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Giant zeppelin could revolutionize air travel


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#1    UM-Bot

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Posted 18 September 2013 - 11:52 AM

Aeroscraft's ML866 airship is set to bring zeppelins back as a viable and effective form of transport.

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Having cruised through the skies for over 100 years, airships were once considered to be the ultimate way to fly. Now mostly superseded by modern airplanes these lighter-than-air behemoths have mostly disappeared, but one American company is aiming to bring them back in a big way.

Read More: http://www.unexplain...nize-air-travel

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#2    Mattacaster

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Posted 18 September 2013 - 01:07 PM

Could nighttime test flights be what people are mistaking for UFO's?


#3    Merc14

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Posted 18 September 2013 - 01:32 PM

I thought that we had proved hydrogen to be a bad idea in aircraft?  Nevermind, having read the info at the Aeroscraft site I see they are using helium, not hydrogen,, to fill the envelope.

Edited by Merc14, 18 September 2013 - 01:35 PM.


#4    Calibeliever

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Posted 18 September 2013 - 07:56 PM

115 mph? Pretty impressive. I wonder what it's environmental limitations will be.


#5    pallidin

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Posted 18 September 2013 - 08:03 PM

Seems like a REALLY big, low-flying craft with not a whole lot of speed. Easy target for those wanting to do nefarious things from the ground.

I'll pass on boarding.


#6    DONTEATUS

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Posted 18 September 2013 - 09:24 PM

Thought We were totally out of Helium ?
justDONTEATUS


#7    Timonthy

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Posted 18 September 2013 - 11:11 PM

View PostDONTEATUS, on 18 September 2013 - 09:24 PM, said:

Thought We were totally out of Helium ?
justDONTEATUS
Just running out. Will cost much more soon. Goodbye squeaky voices :cry:

Check out the fleet comparison! They are some pretty big airships: http://aeroscraft.com/fleet/4578293048
Posted Image
Edit: I feel bad for the elephants that they are going to be cutting in half! :w00t:

Edited by Timonthy, 18 September 2013 - 11:13 PM.

Posted Image


#8    highdesert50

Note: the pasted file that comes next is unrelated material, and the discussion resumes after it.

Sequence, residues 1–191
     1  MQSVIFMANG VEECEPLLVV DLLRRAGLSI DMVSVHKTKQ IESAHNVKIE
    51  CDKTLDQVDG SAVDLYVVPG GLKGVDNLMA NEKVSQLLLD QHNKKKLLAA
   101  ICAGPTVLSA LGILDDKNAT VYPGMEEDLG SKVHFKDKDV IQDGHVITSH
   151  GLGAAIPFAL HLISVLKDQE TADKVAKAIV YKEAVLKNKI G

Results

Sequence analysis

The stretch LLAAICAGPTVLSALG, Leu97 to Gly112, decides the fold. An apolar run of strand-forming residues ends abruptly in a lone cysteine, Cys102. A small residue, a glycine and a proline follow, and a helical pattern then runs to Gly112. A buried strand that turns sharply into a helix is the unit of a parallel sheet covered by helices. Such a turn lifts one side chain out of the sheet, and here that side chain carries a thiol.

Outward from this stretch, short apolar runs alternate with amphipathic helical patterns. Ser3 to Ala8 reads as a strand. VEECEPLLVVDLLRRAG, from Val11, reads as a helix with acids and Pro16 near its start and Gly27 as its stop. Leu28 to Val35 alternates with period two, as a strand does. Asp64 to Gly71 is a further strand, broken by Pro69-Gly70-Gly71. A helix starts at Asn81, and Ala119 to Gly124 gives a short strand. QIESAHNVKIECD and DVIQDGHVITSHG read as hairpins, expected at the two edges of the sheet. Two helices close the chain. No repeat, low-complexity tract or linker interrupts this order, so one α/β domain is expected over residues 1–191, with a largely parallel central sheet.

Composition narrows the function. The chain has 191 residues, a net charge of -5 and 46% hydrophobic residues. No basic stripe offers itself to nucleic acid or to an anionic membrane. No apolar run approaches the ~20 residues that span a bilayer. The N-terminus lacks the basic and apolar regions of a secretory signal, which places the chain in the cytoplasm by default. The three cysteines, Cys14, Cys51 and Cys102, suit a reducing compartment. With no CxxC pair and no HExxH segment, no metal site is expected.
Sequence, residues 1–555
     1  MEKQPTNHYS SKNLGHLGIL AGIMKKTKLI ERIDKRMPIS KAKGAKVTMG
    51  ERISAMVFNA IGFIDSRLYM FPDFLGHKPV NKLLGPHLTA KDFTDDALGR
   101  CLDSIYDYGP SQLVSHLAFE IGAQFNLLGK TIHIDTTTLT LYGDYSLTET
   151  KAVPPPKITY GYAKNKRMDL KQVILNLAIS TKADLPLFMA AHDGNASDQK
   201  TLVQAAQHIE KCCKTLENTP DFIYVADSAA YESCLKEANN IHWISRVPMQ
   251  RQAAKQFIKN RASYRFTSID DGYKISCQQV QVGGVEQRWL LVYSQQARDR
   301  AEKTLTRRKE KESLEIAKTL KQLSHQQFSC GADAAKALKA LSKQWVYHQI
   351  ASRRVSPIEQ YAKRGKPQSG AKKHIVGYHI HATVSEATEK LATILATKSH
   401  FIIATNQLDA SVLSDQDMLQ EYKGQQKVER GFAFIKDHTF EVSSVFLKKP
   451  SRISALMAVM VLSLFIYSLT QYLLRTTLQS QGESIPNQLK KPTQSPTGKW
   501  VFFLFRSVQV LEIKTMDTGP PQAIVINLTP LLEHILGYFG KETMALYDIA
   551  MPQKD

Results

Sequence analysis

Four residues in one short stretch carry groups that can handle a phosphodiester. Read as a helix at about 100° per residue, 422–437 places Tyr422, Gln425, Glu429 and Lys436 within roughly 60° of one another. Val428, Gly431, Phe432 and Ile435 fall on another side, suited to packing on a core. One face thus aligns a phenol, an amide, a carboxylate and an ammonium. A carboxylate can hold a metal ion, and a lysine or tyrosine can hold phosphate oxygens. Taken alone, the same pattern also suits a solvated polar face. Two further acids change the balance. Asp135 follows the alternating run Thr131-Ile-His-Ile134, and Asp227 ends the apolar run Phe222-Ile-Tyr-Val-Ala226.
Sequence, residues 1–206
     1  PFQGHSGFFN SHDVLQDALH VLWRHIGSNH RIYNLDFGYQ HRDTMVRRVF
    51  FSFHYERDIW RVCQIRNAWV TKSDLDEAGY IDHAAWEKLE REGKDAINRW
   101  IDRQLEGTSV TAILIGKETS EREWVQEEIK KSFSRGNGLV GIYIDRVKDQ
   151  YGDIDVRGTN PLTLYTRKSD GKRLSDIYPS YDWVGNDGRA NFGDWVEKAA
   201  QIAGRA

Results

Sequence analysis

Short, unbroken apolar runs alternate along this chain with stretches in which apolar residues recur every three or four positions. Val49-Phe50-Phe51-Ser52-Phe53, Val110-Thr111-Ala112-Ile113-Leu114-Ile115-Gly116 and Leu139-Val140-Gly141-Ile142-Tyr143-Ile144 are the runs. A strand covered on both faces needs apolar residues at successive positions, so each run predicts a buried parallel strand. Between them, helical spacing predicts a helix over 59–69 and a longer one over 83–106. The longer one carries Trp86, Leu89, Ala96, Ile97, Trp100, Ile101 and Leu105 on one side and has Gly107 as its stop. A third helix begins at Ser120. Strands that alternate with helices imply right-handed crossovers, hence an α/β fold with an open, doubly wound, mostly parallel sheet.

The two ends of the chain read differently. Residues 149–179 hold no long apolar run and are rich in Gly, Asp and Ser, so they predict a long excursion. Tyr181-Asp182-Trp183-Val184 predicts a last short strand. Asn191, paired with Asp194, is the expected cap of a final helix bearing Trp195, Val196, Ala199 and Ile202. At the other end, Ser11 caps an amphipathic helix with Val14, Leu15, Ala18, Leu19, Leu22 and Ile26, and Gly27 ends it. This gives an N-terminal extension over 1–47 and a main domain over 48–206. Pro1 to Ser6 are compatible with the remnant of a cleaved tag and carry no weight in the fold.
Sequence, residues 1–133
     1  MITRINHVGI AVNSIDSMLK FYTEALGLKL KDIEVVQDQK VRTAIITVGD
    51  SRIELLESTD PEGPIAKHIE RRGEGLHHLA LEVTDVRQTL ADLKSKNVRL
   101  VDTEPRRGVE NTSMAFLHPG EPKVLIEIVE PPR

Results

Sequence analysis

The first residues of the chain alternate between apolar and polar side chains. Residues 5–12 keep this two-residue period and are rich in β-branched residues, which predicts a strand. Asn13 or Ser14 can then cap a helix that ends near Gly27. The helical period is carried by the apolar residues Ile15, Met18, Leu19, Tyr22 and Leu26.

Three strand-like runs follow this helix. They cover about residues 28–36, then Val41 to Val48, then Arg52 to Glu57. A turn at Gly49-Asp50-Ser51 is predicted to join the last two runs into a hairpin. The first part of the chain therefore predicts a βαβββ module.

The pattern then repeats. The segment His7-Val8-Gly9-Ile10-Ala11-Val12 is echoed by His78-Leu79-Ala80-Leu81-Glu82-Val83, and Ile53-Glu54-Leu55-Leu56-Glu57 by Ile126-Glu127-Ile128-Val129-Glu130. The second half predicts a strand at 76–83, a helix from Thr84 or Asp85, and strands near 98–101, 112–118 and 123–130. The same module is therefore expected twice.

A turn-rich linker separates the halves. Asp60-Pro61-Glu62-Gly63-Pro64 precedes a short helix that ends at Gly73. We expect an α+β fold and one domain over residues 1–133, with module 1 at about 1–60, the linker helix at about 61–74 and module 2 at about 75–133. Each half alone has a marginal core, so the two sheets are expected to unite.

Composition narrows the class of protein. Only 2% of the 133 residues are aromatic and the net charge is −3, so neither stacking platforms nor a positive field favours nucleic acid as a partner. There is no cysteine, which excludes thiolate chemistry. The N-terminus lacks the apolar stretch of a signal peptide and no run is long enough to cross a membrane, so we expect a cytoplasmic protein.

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Posted 18 September 2013 - 11:25 PM

Helium is a trace component in natural gas and a large portion has been held in only one world reserve, in the US. I believe the reserve is being decommissioned due to debt. A semi-trailer will carry over forty tons with a fuel efficiency of about five miles per gallon. And, trains are far more efficient, so this endeavor will undoubtably need to be highly specialized in its delivery venue to recognize profit.


#9    Shiloh17

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Posted 18 September 2013 - 11:25 PM

How much helium to lift 66 tons of cargo? Wow.


#10    danielost

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Posted 19 September 2013 - 05:51 AM

I think this is a good idea.  But, more along a cruise line than a transportation line.  Of course getting supplies into a natyrail desaster area would also be good.  Of course I will never fly on one.  Fear of hieghts.

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#11    keithisco

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Posted 19 September 2013 - 02:20 PM

Go to HAV (Hybrid Air Vehicles, Bedford) and you will see just how advanced UK Engineering is in this field. They have built a 304 ft Helium Dirigible for the DoD in the USA (for On-Station surveillance), and they can build a LTA (Lighter Than Air) vehicle that can lift 1,000 tonnes.

The USA is playing "Catch - Up" on an entirely proven UK concept, from a tiny UK Company


#12    Shiriki-chan

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Posted 19 September 2013 - 05:18 PM

How is this viable if we are currently supposed to be in a helium shortage?





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